It hasn’t always been a happy time. For some people, ill health has shattered dreams, forcing the sale of yachts. Yachts have returned to the marina dismasted.

Others have hit coral reefs causing damage below the water line. A yacht based in the marina hit a container and sank, so never made it back. The owner was airlifted to safety.
One man sailed back to the marina from the Tuamotus where his wife had drowned.
Yachts have been towed into the marina and out of the marina with broken engines or steering problems.

It certainly focuses the mind. There is no room for complacency as a sailor.

Being in the heart of the city, the Papeete marina has become the obvious place to touch base on arrival or to return to for reprovisioning and repairs.

After a time at sea, hot showers, washing machines and the use of the Wi-Fi in the air conditioned marina sitting room, are greatly appreciated. Most boats are plugged into the electrics and potable water on their pontoon berth. The marina staff are happy to collect the marina fees.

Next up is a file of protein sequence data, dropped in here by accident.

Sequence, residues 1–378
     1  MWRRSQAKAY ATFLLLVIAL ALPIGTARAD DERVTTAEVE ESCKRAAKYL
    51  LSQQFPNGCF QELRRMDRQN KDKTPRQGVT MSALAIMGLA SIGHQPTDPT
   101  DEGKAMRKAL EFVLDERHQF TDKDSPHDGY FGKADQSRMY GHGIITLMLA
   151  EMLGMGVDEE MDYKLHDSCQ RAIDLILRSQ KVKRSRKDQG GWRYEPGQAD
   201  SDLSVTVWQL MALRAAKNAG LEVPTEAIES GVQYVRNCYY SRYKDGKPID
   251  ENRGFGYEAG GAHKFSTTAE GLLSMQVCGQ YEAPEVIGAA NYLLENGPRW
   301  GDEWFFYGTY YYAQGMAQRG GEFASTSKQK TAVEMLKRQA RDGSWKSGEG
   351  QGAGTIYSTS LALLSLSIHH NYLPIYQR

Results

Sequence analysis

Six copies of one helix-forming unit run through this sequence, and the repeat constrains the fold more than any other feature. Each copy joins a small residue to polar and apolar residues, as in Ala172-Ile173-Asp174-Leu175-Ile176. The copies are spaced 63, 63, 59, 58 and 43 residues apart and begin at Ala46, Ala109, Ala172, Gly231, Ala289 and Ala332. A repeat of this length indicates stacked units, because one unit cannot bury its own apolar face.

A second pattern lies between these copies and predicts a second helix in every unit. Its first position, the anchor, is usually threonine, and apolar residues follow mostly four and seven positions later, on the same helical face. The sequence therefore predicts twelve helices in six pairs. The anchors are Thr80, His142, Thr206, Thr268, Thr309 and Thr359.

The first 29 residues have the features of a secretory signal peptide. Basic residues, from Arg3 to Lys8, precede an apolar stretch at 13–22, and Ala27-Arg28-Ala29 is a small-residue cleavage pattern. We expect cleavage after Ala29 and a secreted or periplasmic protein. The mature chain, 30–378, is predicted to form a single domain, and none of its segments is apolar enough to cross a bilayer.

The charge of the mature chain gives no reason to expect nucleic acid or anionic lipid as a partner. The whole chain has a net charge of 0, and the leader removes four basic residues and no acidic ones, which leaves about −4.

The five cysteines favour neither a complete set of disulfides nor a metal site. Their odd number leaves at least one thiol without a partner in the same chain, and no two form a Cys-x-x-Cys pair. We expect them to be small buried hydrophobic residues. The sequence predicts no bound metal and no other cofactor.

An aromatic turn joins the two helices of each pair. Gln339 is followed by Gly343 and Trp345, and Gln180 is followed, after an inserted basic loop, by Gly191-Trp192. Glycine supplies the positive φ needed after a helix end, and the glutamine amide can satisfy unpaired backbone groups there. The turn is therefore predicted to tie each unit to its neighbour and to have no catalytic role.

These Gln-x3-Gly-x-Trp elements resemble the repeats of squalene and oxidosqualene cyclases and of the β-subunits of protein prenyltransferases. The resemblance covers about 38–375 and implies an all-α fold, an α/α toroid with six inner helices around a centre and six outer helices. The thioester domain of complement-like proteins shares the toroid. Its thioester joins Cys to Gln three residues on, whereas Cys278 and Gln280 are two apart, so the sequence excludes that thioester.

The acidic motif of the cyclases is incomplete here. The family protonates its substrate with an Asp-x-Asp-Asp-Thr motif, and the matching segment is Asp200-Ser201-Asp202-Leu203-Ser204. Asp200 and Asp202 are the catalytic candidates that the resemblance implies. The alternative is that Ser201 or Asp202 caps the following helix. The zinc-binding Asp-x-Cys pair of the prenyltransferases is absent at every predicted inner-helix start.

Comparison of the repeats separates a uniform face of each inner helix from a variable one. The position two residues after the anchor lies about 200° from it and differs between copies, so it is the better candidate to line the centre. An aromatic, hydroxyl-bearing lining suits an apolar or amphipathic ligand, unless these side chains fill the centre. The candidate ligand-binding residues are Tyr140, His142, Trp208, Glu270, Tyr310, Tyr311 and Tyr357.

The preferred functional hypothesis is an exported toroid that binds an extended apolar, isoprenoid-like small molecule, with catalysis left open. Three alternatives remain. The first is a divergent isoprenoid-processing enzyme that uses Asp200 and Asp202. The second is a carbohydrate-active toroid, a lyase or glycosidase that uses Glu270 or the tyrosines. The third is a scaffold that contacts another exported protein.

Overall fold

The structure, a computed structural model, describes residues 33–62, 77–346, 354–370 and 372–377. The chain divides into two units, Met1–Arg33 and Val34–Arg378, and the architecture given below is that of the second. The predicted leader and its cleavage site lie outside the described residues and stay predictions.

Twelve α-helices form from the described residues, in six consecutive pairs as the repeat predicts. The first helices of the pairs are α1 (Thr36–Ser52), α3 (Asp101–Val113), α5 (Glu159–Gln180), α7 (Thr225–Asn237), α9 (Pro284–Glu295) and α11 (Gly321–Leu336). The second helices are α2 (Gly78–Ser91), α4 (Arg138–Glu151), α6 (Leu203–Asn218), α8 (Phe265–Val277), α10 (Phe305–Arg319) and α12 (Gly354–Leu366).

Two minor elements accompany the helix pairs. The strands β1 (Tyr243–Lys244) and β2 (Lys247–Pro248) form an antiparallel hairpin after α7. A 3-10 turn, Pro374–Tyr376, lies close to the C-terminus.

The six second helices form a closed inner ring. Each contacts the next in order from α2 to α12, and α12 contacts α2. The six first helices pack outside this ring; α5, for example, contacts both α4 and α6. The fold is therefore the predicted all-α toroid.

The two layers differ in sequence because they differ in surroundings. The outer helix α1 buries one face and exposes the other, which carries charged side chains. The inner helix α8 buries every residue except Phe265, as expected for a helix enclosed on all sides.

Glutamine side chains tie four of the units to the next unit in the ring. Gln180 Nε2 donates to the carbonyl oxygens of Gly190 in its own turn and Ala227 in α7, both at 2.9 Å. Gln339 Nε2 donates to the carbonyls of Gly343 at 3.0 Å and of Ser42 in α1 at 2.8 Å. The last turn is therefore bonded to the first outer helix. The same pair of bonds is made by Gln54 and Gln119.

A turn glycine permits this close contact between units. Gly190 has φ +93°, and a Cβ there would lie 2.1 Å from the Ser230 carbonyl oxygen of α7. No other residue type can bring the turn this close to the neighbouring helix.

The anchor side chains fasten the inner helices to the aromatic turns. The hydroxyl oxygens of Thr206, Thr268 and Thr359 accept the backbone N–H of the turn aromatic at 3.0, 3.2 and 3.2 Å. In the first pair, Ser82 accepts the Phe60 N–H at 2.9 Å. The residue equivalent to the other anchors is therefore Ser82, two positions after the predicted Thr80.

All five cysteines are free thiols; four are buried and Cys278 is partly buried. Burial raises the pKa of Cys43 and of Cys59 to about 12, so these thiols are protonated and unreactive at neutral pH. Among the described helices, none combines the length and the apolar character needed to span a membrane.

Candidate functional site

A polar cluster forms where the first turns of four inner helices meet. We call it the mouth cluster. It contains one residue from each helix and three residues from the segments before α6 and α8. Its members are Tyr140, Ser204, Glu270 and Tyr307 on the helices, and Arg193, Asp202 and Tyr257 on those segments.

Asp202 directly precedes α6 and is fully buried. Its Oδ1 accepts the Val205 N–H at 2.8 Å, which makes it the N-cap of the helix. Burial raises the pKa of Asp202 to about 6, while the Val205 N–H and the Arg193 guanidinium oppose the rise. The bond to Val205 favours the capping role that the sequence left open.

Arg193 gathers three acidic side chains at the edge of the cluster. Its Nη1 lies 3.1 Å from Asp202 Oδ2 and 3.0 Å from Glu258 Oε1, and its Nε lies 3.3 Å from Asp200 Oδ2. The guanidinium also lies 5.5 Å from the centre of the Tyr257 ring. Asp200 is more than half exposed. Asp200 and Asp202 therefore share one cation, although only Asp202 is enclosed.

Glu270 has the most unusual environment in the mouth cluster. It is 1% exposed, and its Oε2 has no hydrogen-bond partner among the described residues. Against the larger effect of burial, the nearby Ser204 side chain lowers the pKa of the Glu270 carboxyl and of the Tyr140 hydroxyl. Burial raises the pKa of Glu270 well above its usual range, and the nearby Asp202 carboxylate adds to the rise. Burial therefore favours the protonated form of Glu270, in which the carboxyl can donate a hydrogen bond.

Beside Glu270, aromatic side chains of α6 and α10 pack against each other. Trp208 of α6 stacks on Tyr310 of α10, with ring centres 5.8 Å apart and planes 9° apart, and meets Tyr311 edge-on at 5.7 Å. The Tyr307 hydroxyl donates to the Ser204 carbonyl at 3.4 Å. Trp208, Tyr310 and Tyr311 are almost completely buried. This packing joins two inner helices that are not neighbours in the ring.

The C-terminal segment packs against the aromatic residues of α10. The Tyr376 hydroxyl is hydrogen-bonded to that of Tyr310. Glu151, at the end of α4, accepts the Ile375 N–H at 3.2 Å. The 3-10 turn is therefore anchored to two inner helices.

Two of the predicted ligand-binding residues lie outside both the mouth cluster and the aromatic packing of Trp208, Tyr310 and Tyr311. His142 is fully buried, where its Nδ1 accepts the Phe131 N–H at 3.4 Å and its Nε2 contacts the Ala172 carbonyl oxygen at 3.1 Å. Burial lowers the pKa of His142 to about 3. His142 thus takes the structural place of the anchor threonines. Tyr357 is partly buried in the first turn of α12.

It’s pretty normal to see someone high up on their mast or deep down in the bowels of their boat trying to fix a problem.

Washing, cleaning and provisioning are on going chores.

Many yachties zip around town on fold up bikes. Dinghies are usually redundant in the marina but often require attention.

Unfortunately, over the course of the year, there have been a spate of burglaries from a number of boats in the Papeete marina. Large boats and small have been targeted. No one has been caught.

The last group of five yachts left the marina on the 3rd of January this year. The boats were loaded onto a yacht transporter, an increasingly popular option for long haul sailing, if you can afford it!

This year, 2019, the marina building complex is being expanded. The area has been fenced off and construction work is underway. It will be interesting to see the results.